Location: Dallas/Fort Worth Airport (DFW), Texas
Owner: Perot Development Company
Engineer: Halff Associates
Developer: Hillwood Investment Properties
Earthwork Contractor: RE Cupp Construction
The Story: Expanded shale was specified to enhance the drainage properties of vegetated swales
Two newly constructed developments outside DFW Airport utilized expanded shale in their vegetated swale to control storm runoff. Both developments were logistic centers (office and warehouse space) that included vast pavement areas facing the Grapevine Creek Corridor. Soils in this region are defined as “Houston Black,” also known as “black gumbo” for their high clay content and low permeability.
Filter strips and grassy swales are garnering more attention because they protect our environment. The grass and soil media help filter unwanted contaminants like nitrogen, phosphorus and total suspended solids. Placement of these “low impact development” techniques are frequently used around large pavement areas at stadiums, shopping malls, big box stores, transportation hubs, airports and the like. They are also specified along agricultural plots, animal feedlots, parks and golf courses to protect nearby watersheds.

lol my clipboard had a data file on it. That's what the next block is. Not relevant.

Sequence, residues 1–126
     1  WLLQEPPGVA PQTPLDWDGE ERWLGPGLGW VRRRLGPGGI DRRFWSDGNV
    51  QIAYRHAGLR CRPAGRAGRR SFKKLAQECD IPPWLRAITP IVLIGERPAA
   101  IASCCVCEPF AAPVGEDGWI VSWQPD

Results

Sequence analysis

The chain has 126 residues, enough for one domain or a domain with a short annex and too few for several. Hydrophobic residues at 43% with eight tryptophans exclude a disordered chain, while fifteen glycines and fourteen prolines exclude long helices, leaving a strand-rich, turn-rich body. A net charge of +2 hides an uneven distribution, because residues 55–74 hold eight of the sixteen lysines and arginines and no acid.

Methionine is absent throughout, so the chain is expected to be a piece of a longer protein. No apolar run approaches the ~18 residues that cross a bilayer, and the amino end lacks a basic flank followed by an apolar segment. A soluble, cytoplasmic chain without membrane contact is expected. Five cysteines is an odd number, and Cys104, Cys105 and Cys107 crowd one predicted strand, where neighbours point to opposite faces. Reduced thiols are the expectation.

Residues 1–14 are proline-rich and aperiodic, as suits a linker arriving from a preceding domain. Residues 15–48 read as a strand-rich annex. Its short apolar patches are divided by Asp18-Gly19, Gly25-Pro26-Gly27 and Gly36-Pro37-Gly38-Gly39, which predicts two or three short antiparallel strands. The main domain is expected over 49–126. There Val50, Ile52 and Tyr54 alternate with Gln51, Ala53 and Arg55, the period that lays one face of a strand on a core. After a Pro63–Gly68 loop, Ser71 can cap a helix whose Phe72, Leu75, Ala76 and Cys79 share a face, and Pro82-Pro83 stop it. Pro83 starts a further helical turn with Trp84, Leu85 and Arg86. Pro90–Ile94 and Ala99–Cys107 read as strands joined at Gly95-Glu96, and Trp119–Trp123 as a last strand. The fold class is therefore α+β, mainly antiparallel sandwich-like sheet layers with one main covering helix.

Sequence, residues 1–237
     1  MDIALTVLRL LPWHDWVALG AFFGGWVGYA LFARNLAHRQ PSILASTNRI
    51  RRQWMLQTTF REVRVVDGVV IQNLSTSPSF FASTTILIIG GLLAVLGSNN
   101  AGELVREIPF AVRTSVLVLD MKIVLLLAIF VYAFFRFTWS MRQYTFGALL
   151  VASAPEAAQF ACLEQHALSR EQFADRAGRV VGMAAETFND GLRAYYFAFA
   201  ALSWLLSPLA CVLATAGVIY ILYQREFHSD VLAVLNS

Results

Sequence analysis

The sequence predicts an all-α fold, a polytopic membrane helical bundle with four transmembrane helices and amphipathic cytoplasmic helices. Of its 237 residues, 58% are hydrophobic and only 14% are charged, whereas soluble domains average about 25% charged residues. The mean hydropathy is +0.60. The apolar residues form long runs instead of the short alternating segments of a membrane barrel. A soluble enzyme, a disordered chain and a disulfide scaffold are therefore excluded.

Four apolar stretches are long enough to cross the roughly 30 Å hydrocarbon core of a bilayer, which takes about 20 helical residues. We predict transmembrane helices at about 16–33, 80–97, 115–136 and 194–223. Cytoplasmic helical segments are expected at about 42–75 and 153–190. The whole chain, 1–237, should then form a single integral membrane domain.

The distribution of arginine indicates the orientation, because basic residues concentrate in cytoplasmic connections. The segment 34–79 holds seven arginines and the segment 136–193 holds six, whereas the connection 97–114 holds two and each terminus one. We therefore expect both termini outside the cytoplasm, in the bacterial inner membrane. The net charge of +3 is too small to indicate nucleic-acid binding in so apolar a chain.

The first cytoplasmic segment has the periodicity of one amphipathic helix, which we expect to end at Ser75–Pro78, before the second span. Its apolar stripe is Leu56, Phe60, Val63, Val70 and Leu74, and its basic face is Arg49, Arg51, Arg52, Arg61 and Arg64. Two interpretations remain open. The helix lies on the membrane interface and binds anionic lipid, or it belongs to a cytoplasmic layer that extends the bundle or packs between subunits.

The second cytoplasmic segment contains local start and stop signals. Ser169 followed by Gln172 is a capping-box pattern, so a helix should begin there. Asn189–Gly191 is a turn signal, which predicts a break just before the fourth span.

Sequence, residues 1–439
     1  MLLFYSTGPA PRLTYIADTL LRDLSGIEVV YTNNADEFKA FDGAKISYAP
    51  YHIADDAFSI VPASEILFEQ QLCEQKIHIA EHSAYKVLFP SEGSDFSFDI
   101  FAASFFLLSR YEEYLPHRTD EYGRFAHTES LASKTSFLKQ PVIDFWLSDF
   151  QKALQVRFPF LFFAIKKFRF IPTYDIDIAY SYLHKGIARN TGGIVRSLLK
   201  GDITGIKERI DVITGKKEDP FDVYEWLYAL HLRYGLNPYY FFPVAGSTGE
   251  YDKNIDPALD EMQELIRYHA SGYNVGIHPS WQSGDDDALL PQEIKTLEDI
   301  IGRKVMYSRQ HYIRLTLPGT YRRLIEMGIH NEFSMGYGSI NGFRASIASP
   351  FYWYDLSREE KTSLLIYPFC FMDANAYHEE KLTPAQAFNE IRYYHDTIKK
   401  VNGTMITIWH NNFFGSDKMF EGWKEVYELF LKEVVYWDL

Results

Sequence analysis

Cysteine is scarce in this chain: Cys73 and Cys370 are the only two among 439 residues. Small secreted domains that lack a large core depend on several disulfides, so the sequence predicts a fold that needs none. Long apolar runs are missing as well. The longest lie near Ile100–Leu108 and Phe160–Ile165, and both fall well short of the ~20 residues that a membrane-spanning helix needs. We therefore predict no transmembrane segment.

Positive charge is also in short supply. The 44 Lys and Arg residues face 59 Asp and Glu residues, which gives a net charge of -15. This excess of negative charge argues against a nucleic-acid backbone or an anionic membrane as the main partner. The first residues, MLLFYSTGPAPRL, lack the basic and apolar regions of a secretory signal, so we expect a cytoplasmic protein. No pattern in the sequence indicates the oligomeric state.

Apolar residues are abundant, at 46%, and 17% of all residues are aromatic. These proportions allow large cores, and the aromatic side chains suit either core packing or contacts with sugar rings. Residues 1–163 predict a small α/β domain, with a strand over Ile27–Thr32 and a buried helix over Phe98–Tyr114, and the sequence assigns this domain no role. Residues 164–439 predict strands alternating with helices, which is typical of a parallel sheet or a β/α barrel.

The engineering firm of Halff Associates specified a vegetated swale mix of 3/8” expanded shale (50%) and sandy clay (50%). This was placed in an 8” lift over a sub-base of pea gravel, following the contours on the grading plan. With temporary irrigation in place, the swale was charged with water before being sodded with Bermuda 419. The longitudinal slope and infiltration characteristics of the swale media control storm runoff, thereby protecting the Grapevine Creek Corridor. Developments of this type may benefit from a reduction or elimination of drainage pipe.
The properties of expanded shale are great for low impact developments of this type. The 3/8” gradation has a saturated hydraulic conductivity of over 1,000 inches per hour with the ability to absorb up to 35% of its weight in water. It is a durable product used in everything from road construction to lightweight concrete and geotechnical fills. It increases the porosity and oxygen level of clay soils thereby promoting better growing conditions for plants and turf grass. Expanded shale is also specified in green roof media, structural soils for urban trees, bio-retention and permeable grass parking. Many grassy swales and filter strips would reap benefits from 50% expanded shale blended into existing clay soil.